Beth Sinclair has been appointed Director of Human Resources at San Francisco Opera.
Last weekend was the first time in five weeks that I did not see at least one opera. Not bad, considering it is not opera season in San Francisco. However, there was scant rest, somehow I ended up stage managing performances of Shahrzad Dance Company, as I was only the last piece. I pretty much want to abscond with a costume from "Delbar" (pictured below), as it includes that hat. The music "Delbar" sung by Sima Bina has finally replaced the I Puritani choral parts that have been running through my head since I was in Seattle.
August 16-17 2008: Medea
August 30- September 18 2008: Fidelio
September 5-19 2008: The Gambler
September 7-21 2008: Tristan und Isolde
September 16 2008- February 20 2009: Il barbiere di Siviglia
September 27- October 25 2008: Eugene Onegin
October 3 2008- January 25 2009: Tosca
October 7- December 4 2008: La Traviata
October 31- November 4 2008: Dido & Aeneas
November 7- December 11 2008: Così fan tutte
November 16 2008- July 4 2009: Hölderlin
November 20- December 21 2008: L'Italiana in Algeri
December 10 2008- February 14 2009: Turandot
December 19 2008- July 6 2009: Die Zauberflöte
January 10-30 2009: Carmen
January 16-20 2009: Phaedra
February 15-28 2009: Faust
February 21- March 7 2009: Der Rosenkavalier
March 6-9 2009: Parsifal
March 15-31 2009: Don Giovanni
April 8-12 2009: Lohengrin
April 15-24 2009: Macbeth
March 14- April 2 2009: Aida
May 8-17 2009: Orlando Paladino
May 22-June 6 2009: Un ballo in maschera
May 25- June 2 2009: Elektra
June 7-29 2009: Die Entführung aus dem Serail
June 12-19 2009: Salome
René Pape sings Gremin in Eugene Onegin, Sarastro in Die Zauberflöte, in Méphistophélès in Faust, Gurnemanz in Parsifal, and Heinrich der Vogler in Lohengrin. Waltraud Meier sings Leonore in the first performances of Fidelio and returns for Kundry in Parsifal. Lawrence Brownlee sings Count Almaviva in Il barbiere di Siviglia. Gustavo Dudamel conducts Don Giovanni. Haydn's Orlando Paladino replaces the Armida that was to be directed by Peter Mussbach.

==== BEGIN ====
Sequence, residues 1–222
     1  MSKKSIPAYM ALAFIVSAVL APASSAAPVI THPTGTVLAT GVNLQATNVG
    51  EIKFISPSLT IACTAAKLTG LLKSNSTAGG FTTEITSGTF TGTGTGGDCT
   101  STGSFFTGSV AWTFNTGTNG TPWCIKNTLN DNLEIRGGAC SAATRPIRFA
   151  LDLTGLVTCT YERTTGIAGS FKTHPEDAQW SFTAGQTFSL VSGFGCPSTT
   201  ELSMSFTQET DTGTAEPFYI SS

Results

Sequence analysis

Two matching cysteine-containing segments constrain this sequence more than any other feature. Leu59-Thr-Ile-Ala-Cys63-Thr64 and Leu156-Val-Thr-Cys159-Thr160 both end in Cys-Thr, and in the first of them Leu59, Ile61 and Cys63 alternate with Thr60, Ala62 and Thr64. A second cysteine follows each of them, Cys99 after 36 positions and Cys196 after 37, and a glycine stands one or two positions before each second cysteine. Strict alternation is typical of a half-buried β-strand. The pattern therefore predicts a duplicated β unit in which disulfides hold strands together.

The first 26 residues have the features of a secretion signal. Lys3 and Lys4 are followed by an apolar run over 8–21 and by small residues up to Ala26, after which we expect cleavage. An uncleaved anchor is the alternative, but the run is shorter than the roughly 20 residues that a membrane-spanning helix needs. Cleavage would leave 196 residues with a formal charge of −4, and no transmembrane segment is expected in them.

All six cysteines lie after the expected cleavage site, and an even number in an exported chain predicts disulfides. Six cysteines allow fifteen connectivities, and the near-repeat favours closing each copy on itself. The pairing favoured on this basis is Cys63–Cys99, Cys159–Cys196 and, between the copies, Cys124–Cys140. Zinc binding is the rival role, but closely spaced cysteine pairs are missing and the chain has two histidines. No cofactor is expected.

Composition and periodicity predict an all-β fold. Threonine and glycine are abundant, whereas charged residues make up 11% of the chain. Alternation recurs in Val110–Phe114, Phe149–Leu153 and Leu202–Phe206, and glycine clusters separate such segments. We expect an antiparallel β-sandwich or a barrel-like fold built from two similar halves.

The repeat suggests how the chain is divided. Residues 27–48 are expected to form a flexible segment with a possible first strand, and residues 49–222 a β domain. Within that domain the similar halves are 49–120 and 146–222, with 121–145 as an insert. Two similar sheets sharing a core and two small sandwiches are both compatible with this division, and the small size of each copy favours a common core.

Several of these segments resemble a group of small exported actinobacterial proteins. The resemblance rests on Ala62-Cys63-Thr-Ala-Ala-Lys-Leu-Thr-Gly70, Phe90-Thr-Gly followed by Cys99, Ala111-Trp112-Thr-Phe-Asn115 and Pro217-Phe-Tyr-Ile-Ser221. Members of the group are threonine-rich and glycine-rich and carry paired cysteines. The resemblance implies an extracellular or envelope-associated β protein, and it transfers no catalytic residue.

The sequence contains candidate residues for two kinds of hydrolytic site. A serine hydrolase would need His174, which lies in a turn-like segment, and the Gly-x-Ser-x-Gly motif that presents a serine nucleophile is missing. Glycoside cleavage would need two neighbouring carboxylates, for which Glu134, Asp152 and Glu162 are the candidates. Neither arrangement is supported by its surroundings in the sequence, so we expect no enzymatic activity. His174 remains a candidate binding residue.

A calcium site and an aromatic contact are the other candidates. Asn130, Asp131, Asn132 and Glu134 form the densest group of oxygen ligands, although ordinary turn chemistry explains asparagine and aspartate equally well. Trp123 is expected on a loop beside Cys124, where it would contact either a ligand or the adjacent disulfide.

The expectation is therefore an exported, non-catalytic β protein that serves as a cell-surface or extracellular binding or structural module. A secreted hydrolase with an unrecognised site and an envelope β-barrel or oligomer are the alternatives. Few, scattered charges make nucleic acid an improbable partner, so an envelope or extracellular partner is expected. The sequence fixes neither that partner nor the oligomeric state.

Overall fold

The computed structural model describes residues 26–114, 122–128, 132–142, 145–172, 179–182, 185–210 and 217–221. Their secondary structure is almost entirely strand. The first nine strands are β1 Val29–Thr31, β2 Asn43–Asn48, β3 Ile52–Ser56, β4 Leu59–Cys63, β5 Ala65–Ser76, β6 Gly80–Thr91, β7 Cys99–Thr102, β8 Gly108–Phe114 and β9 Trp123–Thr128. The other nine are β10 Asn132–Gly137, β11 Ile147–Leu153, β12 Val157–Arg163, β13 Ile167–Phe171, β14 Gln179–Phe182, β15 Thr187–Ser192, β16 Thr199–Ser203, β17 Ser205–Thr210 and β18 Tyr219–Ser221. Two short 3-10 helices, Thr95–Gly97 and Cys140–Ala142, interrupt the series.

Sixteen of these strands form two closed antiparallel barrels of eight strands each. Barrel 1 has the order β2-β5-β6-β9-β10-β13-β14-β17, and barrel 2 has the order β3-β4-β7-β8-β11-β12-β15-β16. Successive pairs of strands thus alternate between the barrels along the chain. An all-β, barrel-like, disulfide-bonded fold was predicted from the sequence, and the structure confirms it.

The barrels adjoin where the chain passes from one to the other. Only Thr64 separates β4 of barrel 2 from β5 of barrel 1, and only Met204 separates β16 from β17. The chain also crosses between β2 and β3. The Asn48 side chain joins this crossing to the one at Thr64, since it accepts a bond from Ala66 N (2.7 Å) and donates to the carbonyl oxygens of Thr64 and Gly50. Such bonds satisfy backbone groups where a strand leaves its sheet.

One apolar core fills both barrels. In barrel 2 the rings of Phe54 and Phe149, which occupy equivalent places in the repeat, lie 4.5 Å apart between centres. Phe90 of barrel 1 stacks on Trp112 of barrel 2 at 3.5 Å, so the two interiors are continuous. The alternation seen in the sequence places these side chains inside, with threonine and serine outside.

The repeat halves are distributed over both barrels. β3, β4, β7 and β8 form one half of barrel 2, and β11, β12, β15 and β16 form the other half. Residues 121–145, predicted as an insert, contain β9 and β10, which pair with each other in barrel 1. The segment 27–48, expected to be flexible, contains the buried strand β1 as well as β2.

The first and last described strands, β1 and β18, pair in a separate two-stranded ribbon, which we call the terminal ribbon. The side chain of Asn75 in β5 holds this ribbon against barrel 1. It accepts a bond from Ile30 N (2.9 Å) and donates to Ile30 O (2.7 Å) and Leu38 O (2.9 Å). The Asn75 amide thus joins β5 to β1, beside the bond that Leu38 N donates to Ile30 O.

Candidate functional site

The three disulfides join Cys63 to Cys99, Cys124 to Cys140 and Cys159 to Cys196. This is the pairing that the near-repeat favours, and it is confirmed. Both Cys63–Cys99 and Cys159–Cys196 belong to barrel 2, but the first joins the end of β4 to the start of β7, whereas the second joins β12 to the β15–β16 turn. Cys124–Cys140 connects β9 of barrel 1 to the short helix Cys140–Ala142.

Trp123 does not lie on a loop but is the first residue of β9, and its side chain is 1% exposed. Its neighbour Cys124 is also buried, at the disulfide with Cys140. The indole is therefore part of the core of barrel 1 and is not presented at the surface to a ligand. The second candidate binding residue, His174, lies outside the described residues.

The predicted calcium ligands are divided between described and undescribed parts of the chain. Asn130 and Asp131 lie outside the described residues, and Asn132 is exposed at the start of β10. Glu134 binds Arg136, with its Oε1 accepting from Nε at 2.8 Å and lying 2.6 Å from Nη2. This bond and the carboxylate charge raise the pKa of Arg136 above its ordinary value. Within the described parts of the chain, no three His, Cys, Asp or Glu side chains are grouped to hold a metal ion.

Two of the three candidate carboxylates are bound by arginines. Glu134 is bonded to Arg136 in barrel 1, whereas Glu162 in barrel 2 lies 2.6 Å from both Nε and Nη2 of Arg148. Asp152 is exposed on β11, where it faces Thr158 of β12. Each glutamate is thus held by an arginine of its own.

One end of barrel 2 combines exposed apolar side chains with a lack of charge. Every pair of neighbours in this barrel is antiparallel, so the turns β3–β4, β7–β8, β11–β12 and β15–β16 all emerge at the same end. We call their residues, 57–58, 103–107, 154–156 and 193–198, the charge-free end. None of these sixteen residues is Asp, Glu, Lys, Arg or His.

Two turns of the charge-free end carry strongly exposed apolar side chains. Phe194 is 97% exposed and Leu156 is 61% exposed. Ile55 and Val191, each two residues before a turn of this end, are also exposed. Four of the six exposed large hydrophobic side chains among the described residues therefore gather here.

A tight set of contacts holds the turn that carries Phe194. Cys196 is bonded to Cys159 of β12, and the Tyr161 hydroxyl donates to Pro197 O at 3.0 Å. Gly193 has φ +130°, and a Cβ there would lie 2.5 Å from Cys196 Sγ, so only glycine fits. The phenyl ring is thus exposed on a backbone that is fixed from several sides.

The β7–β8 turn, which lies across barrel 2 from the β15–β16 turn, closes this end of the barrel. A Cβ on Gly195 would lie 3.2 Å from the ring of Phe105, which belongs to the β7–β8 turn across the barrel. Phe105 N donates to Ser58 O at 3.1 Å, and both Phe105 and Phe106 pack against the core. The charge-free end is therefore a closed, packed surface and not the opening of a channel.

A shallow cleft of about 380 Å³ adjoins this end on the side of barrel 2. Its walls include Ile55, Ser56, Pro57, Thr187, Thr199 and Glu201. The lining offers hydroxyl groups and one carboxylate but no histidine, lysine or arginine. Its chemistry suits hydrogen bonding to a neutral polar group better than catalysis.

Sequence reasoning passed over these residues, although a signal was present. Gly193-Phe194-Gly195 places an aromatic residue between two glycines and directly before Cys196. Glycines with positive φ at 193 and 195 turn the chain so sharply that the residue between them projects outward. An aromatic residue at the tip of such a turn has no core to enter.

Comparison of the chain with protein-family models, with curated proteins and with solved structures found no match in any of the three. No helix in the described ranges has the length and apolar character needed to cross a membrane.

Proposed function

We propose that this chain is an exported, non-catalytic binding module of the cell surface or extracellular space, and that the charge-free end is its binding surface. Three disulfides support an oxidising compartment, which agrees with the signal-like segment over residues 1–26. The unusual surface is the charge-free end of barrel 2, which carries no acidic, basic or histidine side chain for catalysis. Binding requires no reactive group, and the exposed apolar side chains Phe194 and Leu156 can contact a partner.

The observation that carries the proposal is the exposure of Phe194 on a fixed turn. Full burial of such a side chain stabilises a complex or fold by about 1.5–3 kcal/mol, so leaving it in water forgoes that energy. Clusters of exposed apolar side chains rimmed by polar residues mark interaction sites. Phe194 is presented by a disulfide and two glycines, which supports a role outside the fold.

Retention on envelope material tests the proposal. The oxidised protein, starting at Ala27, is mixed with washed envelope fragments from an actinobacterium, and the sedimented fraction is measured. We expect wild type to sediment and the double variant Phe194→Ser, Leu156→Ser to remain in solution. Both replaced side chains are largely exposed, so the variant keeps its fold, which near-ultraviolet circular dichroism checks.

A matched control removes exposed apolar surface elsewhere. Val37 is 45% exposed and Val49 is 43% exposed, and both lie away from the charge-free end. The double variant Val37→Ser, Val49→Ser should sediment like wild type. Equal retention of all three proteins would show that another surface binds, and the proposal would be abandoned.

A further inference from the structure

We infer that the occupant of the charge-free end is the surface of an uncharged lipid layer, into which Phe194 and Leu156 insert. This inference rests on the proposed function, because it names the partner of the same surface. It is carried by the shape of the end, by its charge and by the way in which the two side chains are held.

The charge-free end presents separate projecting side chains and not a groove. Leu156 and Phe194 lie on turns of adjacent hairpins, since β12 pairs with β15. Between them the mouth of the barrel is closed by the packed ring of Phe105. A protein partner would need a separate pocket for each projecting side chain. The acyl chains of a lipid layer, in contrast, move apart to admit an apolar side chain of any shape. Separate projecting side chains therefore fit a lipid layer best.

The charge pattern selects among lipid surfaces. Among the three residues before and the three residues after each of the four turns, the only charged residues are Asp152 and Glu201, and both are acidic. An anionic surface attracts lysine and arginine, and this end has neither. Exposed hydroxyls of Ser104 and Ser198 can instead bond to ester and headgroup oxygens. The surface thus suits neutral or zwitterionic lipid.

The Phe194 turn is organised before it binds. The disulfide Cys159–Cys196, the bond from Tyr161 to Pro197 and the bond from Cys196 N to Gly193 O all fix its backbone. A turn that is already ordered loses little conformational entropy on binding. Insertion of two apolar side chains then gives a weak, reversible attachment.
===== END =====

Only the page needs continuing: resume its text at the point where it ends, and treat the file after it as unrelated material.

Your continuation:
Perhaps if one still has some good-will toward Seattle Opera because of their latest offering, and would like to purchase tickets to Aida and Elektra, their online pre-sale starts today at 9am. The title role of Aida is being shared by Lisa Daltirus and Ana Lucrecia García (instead of Andrea Gruber), though I imagine the main draw is still Stephanie Blythe as Amneris. The production, from San Diego Opera, opens August 2nd and runs until the 23rd. Elektra brings the debuts of Janice Baird and Jayne Casselman. Baird is to sing Brünnhilde in Seattle's 2009 Ring, and just made her debut at the Met as Isolde. Elektra runs from October 18th to November 1st. I'm sure I will not attend, as the San Francisco Opera season will be in full swing. I am torn about the Aida though, it all depends on how busy August ends up being.
Peter Mussbach is leaving as Intendant of Berlin's Staatsoper Unter den Linden before his contract expires.
Tickets go on sale today for the Merola Summer productions. San Francisco Opera's Merola Opera Program is an 11-week intensive training program for singers, coaches, and stage directors. Previous Merolini include Ruth Ann Swenson, John Relyea, William Burden, Norah Amsellem, and Carol Vaness.
This year's participants are (via Janos Gereben):
Apprentice Stage Director
Jimmy Smith, Rumson, New Jersey
Dennis Doubin, Moscow, Russia
Eileen Downey, Grand Ledge, Michigan